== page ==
The hats worn by both girls and the flowers on them were also made at the labor camp. A circular line was embroidered onto the hat, and the line could not get inside of the hat lining.
The little house with a chimney pictured on the carpeting was also partially made in the labor camp and consisted of seven pieces of cloth. Every piece of cloth was embroidered to the bottom cloth according to their sequence.
The flower and little house on the dresses worn by the girls were also embroidered at the labor camp.
The packaging process of the dolls the girls are holding was as follows: first we put the pants on the doll, making sure the tag was in back. We put a dress, an apron and shoes on the doll. We cut off the thread and combed the ponytails. We put the hat on the doll and put it in a white cloth sack, put a drying agent under the doll's buttocks, then wrapped it in a transparent plastic bag, folded the paper box and put the fully packaged doll in the paper box. Each person was assigned to package 120 dolls a day.
The strawberry bag in front of the girl's feet was made at the labor camp. Both sides of the bag were embroidered with lines. After completion, it was diamond-shaped with a three-dimensional feel to it. The lines could not curve and the stitches had to be even and smooth.
The pants and the flower pattern on the right pant-leg of the toy bear sitting on the chair were also partially made in the labor camp.
The sunflower on the dress of the doll on the rear left was embroidered on. A line was sewn onto the bottom of the apron and the collar. It was required that the stitches be even and that no more than a 0.5-centimeter gap existed between stitches. The connecting stitches and threads should be invisible. The head flower was also made in the labor camp.
The packaging process was as follows: we put the pants on the doll. We positioned the pants so the doll's legs were not exposed; we put shoes with white socks on the doll's feet, we folded the socks twice down and put the dress on the doll, affixed the head flower on the doll and wrapped it around its head two times. We cut the threads and combed the hair. We put the hat on the doll and put it in a white cloth sack, put drying agent under the doll's buttocks, then wrapped it in a transparent plastic bag, folded the paper box and put the fully packaged doll in the paper box. Each person was assigned to package 120 dolls a day.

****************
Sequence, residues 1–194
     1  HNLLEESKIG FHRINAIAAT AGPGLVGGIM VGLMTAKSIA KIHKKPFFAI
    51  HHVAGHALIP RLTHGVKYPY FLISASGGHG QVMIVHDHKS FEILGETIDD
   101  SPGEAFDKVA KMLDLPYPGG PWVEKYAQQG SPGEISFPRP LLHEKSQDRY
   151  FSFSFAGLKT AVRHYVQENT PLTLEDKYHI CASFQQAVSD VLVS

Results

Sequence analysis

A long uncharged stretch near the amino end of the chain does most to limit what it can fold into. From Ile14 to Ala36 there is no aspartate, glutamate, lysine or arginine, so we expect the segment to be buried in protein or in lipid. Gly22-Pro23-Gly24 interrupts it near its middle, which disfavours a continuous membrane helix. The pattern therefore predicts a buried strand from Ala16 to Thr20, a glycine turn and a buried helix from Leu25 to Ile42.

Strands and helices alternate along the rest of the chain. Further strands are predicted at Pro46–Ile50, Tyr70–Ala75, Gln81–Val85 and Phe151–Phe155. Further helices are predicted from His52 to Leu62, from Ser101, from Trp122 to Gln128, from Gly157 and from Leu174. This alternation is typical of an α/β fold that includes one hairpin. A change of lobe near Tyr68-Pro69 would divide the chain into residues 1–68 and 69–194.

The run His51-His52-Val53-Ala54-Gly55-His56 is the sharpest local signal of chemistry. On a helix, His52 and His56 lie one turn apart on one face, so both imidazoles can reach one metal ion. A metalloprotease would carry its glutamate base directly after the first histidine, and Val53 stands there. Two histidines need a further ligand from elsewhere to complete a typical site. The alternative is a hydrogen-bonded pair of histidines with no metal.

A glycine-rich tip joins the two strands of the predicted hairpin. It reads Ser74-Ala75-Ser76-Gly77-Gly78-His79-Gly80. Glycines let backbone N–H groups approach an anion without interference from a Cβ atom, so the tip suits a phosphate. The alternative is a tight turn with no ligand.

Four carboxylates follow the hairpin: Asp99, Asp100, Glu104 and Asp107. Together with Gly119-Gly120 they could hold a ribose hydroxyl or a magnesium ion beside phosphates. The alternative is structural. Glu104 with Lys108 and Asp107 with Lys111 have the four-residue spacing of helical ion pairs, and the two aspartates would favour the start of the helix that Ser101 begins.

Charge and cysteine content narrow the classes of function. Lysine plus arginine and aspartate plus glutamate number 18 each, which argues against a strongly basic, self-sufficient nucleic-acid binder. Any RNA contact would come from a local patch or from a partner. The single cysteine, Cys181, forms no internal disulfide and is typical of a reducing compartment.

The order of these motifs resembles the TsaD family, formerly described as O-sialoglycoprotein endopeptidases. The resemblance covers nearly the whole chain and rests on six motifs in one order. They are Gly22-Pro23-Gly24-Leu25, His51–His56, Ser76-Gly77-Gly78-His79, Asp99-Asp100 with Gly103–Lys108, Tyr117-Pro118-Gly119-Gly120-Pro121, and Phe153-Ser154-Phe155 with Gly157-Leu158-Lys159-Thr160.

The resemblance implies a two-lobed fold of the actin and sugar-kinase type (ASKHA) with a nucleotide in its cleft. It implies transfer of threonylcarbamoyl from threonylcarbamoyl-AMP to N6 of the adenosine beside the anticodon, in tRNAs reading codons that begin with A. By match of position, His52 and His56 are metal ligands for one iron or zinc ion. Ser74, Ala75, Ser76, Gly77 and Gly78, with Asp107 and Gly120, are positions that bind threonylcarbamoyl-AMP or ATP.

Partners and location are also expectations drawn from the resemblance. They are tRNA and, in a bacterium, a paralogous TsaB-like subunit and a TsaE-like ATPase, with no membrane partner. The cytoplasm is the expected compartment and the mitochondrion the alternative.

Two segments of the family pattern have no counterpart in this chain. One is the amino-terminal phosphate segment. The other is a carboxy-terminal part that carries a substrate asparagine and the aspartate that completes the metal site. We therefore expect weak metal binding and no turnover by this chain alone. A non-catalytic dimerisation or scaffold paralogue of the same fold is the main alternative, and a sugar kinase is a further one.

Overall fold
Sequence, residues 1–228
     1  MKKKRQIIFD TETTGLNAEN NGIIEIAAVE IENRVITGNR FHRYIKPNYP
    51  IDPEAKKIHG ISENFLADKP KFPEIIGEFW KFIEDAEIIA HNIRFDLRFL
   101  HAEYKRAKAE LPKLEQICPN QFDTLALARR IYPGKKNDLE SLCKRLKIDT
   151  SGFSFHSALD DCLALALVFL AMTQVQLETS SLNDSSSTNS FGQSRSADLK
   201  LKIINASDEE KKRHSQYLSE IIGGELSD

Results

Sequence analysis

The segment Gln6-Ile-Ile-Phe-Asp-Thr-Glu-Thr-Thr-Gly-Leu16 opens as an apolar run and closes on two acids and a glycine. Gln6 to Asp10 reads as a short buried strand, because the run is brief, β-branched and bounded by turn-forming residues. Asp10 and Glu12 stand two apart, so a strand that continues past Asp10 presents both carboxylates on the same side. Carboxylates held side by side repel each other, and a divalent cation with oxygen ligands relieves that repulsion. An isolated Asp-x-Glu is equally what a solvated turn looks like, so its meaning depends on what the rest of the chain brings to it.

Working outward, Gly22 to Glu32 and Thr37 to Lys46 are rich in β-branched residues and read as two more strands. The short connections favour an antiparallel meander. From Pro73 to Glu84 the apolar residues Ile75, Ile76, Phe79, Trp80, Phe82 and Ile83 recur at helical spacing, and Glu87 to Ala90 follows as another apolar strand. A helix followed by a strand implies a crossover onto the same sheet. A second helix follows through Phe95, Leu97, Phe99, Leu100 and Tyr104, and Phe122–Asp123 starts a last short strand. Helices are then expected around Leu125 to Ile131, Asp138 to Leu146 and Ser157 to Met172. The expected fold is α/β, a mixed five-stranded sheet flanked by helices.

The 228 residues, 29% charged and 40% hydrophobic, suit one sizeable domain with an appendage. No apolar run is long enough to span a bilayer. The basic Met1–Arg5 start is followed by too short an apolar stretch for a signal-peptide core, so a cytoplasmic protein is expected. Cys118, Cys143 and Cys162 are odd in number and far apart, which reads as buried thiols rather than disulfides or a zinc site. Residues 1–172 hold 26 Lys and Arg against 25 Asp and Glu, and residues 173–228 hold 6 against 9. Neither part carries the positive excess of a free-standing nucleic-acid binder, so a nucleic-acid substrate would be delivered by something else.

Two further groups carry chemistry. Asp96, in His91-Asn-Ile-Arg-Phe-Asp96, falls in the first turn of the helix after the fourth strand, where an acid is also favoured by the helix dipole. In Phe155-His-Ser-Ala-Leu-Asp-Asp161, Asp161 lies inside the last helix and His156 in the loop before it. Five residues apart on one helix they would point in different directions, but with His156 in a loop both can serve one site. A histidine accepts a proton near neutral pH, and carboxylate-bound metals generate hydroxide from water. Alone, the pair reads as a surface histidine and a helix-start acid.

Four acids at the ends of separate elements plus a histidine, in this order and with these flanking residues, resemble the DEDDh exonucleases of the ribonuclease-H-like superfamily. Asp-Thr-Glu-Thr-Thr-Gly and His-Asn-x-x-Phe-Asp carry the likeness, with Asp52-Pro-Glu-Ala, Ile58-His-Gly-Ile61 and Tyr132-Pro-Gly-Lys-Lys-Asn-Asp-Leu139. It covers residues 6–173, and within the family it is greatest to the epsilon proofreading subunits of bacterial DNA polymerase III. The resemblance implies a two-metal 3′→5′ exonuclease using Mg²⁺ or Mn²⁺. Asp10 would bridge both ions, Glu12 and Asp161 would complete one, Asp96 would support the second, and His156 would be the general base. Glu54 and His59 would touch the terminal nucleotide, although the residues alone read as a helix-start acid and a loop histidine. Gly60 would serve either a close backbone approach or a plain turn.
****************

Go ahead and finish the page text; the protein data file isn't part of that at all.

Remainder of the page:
The rubber band used to fix the head flower onto the doll's head was very tight and we had to wrap it around twice. After one day's work, our thumbs and index fingers were red and swollen. Nevertheless, we had to continue our work the next day, until the skin on our fingers broke open and bled.
The flower patterns on the doll dresses in this picture were all embroidered at the labor camp. One line was embroidered smoothly on the collar and the bottom of the apron, with a space of 0.5 centimeters between stitches. The packaging process and amount of work is the same as in picture 6.
The butterflies and their wake [the trail by which the butterfly flew] on the dolls' clothes were done at the labor camp. It was required that the line along which the butterflies were stapled be invisible and the butterflies' traces must be even and smooth, with no rigid corner or lines.
The packaging process for this doll was the same as the doll in picture one.
The photos published on this website only show some of the products we were forced to make at the labor camp. We were also assigned to work on the single-packed clothing, backpacks, and other accessories that went along with the dolls.